Melibe megaceras

Image courtesy of Fred Bavendam
Melibe megaceras Gosliner, 1987

Well, we haven't seen this guy in awhile but thanks to Fred Bavendam we are able to see it on the site this week. This is probably because it is so cryptic against a sandy bottom. This species can be almost transparent. That combined with its sandy patches, makes it almost invisible at times.

M. megaceras can be easily distinguished (if you can find one) by its long inflated cerata with 2-4 elongate papillae at the very tip. The other key character is a long, flag-like, papilla on the posterior surface of the rhinophores.

Not a small nudibranch, it reaches 40 mm in length. Like other Melibe , it feeds by casting its large oral hood, capturing small crustacean and even larval fish.

The current known geographical range includes: Dubai (UAE) to Australia, Indonesia, Malaysia and the Hawai'ian Islands.

Good show Fred.

Dave Behrens
Gig Harbor, Washington
Dec., 2009

Fred and Pat emerge from water after
dive at Puri Jati, Bali, Indonesia, Oct. 2003

Fred Bavendam is an American with a passion for marine animals and photography. After growing up in Ohio, he attended the University of New Hampshire from which he graduated with majors in art and zoology. He spent the next few years working as a commercial photographer. At the age of 28, Fred took an introductory scuba course and began diving and taking underwater pictures as a hobby. Over time, the hobby became an obsession until he abandoned commercial photography to devote all his efforts to underwater photography in 1985.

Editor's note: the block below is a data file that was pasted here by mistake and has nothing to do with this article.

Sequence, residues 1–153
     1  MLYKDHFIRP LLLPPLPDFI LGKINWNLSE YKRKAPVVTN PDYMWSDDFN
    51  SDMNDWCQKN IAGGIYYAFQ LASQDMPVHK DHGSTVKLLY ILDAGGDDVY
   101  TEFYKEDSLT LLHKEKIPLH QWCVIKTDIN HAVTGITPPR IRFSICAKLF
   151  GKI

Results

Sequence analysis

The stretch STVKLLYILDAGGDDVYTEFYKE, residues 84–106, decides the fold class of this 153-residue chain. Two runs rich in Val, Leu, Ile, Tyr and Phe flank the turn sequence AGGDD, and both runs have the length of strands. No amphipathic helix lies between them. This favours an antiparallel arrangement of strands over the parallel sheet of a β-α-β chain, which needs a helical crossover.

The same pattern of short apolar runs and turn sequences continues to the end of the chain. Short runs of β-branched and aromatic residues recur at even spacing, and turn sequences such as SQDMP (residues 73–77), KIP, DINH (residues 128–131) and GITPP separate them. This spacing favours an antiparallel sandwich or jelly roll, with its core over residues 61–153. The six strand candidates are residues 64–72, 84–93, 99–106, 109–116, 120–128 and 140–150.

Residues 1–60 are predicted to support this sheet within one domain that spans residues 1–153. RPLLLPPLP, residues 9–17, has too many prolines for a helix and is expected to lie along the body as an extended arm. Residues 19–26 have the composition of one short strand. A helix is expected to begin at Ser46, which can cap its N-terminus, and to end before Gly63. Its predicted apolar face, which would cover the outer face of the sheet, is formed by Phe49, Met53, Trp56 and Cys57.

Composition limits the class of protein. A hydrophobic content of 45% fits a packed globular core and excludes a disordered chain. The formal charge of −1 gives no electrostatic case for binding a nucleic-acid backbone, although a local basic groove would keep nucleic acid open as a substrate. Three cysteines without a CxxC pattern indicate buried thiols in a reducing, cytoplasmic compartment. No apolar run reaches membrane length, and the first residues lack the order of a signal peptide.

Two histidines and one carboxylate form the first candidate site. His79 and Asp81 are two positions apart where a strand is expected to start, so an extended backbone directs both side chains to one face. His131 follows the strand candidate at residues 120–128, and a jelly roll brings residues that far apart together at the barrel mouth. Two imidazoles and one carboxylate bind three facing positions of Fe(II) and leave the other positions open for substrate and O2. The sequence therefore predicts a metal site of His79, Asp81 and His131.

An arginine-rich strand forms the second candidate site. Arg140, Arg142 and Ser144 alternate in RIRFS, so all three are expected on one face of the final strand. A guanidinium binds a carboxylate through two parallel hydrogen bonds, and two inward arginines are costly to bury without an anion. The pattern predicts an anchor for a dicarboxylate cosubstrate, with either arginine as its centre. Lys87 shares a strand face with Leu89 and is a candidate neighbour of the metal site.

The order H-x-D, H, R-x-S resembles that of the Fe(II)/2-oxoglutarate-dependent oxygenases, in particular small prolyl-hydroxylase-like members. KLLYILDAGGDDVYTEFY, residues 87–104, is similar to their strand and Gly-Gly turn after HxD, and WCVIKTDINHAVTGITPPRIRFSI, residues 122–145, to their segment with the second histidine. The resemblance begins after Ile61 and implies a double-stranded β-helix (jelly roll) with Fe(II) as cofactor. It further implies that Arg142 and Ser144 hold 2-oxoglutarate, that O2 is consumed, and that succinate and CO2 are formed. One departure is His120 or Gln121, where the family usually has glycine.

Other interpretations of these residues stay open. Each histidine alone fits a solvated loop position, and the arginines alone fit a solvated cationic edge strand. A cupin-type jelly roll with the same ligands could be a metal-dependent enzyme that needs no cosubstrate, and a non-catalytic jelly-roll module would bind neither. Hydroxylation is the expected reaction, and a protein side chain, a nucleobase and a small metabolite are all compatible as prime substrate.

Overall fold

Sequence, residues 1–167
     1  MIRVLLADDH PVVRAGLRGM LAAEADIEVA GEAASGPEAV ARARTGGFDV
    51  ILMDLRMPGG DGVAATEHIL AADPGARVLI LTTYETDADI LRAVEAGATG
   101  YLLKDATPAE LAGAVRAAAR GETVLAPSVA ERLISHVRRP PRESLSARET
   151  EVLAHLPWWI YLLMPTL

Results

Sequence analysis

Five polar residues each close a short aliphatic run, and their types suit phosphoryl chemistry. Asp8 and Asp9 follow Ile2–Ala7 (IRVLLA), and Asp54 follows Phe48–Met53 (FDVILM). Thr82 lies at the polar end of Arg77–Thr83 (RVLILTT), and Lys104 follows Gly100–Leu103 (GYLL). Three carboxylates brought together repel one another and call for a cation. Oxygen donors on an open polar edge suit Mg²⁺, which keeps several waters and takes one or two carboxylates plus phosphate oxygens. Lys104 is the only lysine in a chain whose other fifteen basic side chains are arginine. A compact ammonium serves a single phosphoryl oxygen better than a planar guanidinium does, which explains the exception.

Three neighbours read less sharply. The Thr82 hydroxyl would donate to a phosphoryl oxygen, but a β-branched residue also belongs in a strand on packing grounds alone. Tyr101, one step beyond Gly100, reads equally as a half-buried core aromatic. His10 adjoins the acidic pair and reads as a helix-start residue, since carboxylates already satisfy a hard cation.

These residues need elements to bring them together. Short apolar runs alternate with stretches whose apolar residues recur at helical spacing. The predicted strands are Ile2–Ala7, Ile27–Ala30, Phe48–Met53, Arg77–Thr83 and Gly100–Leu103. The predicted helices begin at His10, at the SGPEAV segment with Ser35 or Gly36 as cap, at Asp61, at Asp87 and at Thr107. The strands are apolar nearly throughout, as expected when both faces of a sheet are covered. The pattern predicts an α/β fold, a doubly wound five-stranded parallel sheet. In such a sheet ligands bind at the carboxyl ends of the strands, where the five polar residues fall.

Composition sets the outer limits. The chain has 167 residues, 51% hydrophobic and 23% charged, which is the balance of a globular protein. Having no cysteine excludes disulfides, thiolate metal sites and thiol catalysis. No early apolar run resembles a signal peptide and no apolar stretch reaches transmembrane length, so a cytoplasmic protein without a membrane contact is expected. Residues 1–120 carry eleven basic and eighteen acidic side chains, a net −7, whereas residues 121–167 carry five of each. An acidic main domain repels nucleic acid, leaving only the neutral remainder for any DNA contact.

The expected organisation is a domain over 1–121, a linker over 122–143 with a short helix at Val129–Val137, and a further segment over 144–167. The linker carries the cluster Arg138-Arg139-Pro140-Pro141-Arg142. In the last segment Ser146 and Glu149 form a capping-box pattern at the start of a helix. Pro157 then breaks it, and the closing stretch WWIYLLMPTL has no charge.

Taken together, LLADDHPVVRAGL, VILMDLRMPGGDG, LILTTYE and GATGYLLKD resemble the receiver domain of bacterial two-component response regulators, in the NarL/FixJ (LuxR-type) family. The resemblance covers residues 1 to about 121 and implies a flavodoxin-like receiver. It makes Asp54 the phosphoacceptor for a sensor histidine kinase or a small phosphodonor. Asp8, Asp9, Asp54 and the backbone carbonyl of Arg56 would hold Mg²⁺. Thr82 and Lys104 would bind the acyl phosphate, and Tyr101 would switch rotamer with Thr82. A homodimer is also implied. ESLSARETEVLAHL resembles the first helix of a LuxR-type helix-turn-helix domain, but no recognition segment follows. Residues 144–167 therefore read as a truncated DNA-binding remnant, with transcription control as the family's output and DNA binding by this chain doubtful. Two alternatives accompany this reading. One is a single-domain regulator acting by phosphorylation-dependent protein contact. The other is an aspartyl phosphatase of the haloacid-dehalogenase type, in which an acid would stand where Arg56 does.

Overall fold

Fred's goal, as he takes each picture, is to capture the essence that makes each animal a unique being and the behaviors that allow it to survive in a hungry ocean. He likes nothing more than to take a diver (or even several divers) along with him to follow, observe and photograph a single animal. As a result, his pictures are highly sought after and have been published in many of the world's top magazines.

Fred's definitive photo essays about manatees, the giant octopus, crinoids and frogfishes were each published in National Geographic, Geo Germany and Geo France. Additional stories on cuttlefish, nudibranchs, sea stars, monkfish and marine animal behavior have appeared in many other magazines such as Figaro, Terre Sauvage, Airone, International Wildlife, Smithsonian, Newton and Quark . He has also won several BBC Wildlife Photographer of the Year contests.

Send Fred email at

From left to right, Terry Gosliner, Angel Valdes, Dave Behrens La Jolla, Calif.

Send Dave email at

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